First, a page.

Master barber Darrin Lyons visited MacLaren Youth Correctional Facility April 15 and 16 to motivate and work alongside youth involved in the barbering program.
Three youth from the barbering program at Rogue Valley Youth Correctional Facility were also invited to participate in the two-day event with eight MacLaren youth and Lyons, who offered inspirational words before working with the youth on their skills.
“If there is anything I can do to make the world a better place or an individual a better person, then I want to come,” Lyons said about why he visited. “Sometimes it seems like society has left prisoners behind, but they’re still people. … I want them to understand they have choices.”
Darrin Lyons, also known as DL Master Barber, is a nationally-recognized motivational speaker and author. Since opening his first barbershop at the age of 19 in Pasadena, California, he has served as a barber to many celebrities, including well-known athletes and rappers. Inspired by his own struggle to overcome poverty and homelessness, Lyons’ books and speaking engagements focus on how other barbers and stylists can also find success in their careers.
This was actually Lyons’ third visit to the facility, which was made possible thanks to a connection with Chemeketa Community College. Lyons, who traveled from Southern California, remembered some of the youth from his last visit.
“Their energy level has changed, their attitude has changed,” he said. “It’s attitude that distinguishes your altitude.”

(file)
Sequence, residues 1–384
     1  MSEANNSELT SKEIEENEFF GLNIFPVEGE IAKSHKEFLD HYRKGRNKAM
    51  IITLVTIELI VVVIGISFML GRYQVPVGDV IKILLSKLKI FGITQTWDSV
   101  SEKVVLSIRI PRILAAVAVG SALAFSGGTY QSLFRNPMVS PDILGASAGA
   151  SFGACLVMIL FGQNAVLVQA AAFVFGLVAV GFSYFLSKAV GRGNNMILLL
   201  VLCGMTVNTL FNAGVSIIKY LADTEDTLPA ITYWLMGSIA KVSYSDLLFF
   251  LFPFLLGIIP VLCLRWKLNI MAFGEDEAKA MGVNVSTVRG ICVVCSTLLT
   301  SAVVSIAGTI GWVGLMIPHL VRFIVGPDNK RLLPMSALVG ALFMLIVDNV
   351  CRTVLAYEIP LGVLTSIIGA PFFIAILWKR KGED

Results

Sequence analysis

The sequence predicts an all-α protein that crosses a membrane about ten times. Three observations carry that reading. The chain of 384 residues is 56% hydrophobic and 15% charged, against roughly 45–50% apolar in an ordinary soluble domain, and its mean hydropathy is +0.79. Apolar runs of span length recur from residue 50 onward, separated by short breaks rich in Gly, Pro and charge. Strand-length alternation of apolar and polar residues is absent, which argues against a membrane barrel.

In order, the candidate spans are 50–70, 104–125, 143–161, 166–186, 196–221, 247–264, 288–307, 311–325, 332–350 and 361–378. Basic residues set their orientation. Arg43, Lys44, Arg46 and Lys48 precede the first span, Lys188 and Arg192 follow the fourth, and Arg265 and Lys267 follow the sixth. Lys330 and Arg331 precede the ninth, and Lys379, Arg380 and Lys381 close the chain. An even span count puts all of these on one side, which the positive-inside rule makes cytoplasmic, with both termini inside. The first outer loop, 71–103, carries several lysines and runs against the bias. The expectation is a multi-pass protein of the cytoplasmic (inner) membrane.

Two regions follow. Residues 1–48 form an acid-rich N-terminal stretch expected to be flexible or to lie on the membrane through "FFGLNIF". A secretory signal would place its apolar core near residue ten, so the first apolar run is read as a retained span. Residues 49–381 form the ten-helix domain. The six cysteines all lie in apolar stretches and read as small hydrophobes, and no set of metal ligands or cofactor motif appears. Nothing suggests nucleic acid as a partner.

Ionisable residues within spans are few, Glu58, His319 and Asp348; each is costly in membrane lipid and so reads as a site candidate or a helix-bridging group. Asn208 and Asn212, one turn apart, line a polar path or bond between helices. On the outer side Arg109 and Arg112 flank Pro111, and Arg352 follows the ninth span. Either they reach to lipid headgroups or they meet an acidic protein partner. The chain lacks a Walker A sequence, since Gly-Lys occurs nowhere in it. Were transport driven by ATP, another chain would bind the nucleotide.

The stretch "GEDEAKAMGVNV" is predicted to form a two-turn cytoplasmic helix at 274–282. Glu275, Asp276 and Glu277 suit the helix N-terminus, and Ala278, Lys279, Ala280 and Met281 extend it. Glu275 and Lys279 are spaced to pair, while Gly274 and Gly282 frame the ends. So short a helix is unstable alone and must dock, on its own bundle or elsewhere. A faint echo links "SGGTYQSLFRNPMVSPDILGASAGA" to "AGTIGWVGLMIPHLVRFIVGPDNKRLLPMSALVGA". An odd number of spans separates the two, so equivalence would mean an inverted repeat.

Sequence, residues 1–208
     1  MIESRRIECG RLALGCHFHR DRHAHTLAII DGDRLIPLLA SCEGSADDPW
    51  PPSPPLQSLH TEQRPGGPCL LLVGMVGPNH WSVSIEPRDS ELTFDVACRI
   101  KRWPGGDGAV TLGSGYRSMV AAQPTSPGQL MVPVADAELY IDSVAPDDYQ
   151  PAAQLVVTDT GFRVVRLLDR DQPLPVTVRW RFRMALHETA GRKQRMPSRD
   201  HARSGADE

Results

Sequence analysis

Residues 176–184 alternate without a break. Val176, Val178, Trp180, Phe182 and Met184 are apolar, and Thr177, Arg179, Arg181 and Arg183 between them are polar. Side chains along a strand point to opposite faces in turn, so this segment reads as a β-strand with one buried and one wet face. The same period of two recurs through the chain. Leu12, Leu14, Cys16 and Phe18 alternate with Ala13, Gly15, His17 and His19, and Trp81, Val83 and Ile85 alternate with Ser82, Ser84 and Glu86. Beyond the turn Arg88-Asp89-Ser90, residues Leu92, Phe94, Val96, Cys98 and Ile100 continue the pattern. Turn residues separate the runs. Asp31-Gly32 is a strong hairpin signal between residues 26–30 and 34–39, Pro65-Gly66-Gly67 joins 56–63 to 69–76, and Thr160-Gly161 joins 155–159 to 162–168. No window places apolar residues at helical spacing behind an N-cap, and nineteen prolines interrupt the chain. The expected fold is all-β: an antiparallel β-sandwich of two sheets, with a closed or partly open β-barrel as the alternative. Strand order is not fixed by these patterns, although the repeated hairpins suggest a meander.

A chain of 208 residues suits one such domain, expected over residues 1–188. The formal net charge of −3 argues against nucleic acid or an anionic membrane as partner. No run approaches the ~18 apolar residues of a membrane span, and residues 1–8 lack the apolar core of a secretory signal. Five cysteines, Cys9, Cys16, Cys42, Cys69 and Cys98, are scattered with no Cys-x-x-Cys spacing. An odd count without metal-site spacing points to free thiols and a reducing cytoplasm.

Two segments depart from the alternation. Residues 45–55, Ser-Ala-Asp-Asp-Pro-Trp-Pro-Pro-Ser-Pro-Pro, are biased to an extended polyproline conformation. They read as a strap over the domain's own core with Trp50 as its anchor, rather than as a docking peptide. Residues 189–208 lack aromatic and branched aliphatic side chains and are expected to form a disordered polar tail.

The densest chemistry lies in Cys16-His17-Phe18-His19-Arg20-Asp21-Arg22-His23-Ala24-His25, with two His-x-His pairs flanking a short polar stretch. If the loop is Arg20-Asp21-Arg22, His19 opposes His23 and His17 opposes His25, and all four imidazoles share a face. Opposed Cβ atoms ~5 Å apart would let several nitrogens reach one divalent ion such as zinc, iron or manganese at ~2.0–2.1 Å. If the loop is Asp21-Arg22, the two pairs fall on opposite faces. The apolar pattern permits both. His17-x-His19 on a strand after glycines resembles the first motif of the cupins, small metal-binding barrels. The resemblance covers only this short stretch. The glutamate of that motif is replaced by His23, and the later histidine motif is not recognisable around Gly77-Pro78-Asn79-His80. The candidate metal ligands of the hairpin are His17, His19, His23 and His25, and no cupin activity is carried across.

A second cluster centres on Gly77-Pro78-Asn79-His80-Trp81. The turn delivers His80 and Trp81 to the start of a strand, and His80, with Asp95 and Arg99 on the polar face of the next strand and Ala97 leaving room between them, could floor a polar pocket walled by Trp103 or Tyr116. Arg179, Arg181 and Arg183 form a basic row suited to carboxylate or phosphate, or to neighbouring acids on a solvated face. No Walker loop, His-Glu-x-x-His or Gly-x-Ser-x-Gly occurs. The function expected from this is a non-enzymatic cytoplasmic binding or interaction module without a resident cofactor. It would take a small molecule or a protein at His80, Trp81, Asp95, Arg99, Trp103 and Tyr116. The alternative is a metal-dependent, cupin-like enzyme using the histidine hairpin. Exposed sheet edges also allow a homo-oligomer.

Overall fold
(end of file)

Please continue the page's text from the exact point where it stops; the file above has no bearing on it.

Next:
Former youth who have re-entered the community have reached out to Lyons to update him on their lives and work, he said.
“This is life changing,” Lyons said about the barbering program. “It gives MacLaren (and Rogue Valley) a good name. To have employees treat them the way they do, treating them with respect, speaking to them like people, that changes things.”
During his visit, Lyons talked to the youth about taking personal responsibility, exercising humility, and having people skills.
“You want my formula? Just be nice,” Lyons said. “You go around acting all tough and see how many clients you get. … Have an ear to hear people, what they ask of us. Believe it or not, it’s more important than sight in this job.”
OYA’s Barbering Program
Seven youth at MacLaren and six at Rogue Valley are currently enrolled in the barbering program, which requires an application and interview process. Once in the program, students spend about a year and a half working toward a barbering license, gaining experience by practicing their skills on willing youth and staff, and working under the tutelage of instructors Michelle McMullen (MacLaren) and Ron Gillaspie (Rogue Valley). The license requires 1,350 active hours in the program, whether the student is doing textbook work, cutting hair, or sweeping the barbershop floor.
John H., 20, just earned his barbering license this month and now hopes to work toward a vocational teaching license. He’ll continue to work in the barbershop full time, offering haircuts, hair coloring, shaves, facials, and more.
“I didn’t have role models growing up,” he said. “When I came to (OYA), the best people at the time were the barbers. I thought it would be a good way to be around people who are intelligent.”
John quit the program relatively quickly — “I didn’t have a work ethic,” he explained — and tried to work elsewhere, only to eventually find himself back in the barbershop.
“Even when I was gone, I was still cutting hair — it’s a stress reliever,” he said. “I could envision myself in the community going to a barbershop every day. It doesn’t feel like work.”